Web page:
If you’re scared of flying, there is an easy way to get over it — and it involves jelly.
Pilot Tom Bunn explained that by imagining the air being like jelly, it can help reduce the fear.
He explained in his book “Soar: The Breakthrough Treatment for Fear of Flying” that the air around a plane is “solid-like gelatin” due to the speed.
This is because a plane can be going as fast as 200mph during take off — compared to Brits walking speed of 5mph or a car at 70mph.
He uses the example trying to put your hand out of the window of a car driving at speed, or trying to push water in a swimming pool — both very hard.
This is essentially what the plane is doing when it takes off.
The napkin, representing the plane, didn’t move, as the jelly, representing the air, keeping it in place.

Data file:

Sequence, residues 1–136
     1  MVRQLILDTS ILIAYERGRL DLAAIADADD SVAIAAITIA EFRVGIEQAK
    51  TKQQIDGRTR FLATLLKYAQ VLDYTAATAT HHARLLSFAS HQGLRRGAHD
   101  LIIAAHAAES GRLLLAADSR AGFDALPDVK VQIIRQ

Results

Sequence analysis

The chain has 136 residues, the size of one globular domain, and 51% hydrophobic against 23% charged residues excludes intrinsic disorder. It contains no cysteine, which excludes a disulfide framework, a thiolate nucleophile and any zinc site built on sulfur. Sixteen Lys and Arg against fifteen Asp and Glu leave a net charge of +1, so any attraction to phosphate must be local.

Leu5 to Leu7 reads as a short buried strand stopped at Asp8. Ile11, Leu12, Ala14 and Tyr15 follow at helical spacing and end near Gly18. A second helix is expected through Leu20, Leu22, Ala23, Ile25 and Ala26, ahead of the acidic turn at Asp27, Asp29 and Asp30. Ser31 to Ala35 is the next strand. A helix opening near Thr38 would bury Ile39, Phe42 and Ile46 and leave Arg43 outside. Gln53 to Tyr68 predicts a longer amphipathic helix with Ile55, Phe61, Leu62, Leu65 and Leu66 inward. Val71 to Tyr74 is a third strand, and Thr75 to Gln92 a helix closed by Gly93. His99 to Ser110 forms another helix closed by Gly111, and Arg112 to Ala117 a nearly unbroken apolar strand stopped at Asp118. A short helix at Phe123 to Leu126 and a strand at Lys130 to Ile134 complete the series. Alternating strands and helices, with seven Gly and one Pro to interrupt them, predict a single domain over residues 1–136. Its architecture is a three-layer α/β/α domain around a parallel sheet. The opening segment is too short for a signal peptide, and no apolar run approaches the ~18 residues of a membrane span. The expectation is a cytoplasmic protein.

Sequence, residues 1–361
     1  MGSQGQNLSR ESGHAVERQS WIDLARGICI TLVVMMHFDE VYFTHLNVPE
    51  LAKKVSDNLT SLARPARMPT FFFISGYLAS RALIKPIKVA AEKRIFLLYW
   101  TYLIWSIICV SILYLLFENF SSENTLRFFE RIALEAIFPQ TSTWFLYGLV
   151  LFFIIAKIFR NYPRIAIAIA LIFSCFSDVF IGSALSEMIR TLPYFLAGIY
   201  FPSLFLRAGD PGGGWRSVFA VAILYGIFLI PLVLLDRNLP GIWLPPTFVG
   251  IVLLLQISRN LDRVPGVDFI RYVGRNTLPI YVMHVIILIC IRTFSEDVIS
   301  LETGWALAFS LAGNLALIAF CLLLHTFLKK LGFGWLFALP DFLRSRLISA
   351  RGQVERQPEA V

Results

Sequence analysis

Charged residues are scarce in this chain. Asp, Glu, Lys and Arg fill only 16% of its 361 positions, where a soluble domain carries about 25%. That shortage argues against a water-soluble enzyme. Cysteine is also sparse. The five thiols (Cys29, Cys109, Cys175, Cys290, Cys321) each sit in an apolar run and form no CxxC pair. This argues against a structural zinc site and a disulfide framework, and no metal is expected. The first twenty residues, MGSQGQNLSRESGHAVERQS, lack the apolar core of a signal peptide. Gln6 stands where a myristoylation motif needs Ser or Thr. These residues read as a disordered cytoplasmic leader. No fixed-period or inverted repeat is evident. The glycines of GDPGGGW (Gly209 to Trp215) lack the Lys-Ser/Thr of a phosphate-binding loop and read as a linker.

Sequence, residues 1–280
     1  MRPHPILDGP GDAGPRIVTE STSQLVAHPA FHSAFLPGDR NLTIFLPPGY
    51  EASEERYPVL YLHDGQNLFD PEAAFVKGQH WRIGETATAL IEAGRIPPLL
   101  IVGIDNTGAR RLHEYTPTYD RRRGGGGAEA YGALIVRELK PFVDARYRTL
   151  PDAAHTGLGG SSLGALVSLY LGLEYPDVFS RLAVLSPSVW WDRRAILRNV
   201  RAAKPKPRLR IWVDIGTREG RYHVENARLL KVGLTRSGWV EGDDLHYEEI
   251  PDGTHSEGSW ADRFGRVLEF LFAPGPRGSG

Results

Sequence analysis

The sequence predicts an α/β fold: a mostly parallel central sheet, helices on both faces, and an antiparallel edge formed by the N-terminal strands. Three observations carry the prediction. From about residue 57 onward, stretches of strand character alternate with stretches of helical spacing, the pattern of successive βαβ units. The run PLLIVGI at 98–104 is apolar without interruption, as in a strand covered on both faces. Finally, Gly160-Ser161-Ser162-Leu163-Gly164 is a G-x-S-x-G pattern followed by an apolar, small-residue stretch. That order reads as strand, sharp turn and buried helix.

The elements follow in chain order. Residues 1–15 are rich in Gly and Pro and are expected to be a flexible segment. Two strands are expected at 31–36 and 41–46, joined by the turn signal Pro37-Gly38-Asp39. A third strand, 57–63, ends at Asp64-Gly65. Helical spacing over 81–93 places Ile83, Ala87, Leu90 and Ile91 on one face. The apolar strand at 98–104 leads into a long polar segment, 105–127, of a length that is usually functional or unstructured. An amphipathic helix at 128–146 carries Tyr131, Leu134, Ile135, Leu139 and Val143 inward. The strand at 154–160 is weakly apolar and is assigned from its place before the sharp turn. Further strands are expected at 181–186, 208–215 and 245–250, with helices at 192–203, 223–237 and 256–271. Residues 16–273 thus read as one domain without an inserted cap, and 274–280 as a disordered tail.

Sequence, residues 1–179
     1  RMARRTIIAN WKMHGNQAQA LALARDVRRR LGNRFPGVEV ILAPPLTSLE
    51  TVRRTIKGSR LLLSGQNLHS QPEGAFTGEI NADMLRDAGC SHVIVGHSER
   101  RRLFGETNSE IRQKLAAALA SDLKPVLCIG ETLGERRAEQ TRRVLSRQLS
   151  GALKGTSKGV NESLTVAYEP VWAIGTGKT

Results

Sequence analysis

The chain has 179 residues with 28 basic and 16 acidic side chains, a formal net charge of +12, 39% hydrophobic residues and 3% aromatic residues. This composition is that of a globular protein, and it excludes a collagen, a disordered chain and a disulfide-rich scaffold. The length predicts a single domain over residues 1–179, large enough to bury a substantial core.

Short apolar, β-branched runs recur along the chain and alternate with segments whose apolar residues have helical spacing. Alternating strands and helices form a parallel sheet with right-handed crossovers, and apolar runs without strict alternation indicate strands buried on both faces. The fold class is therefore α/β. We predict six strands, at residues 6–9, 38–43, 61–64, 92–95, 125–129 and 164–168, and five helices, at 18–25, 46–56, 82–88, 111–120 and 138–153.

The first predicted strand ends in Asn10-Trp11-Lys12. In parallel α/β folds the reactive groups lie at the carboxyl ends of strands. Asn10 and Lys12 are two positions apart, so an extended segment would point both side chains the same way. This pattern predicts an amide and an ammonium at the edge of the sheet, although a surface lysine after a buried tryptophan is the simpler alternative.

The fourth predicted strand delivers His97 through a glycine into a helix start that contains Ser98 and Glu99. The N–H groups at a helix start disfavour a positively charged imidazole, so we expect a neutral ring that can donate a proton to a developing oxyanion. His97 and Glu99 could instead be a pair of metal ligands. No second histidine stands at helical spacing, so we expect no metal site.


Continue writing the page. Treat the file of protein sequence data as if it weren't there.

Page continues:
She shook the cup, to represent turbulence, but it still stayed in place.
Anna said: “It’s not going to automatically fall just because it’s shaking. You do not have to be scared.”
So instead of being scared, they both said, imagine the plane is taking off into jelly to reassure yourself it is safe.
Another pilot has revealed the one thing to always do if you are a nervous flyer.
And one has revealed the best and worst times of day to fly if you are scared.
Here are 10 plane myths that aren’t actually true.
This story originally appeared on The Sun and was reproduced here with permission.
This story originally Appeared on Nypost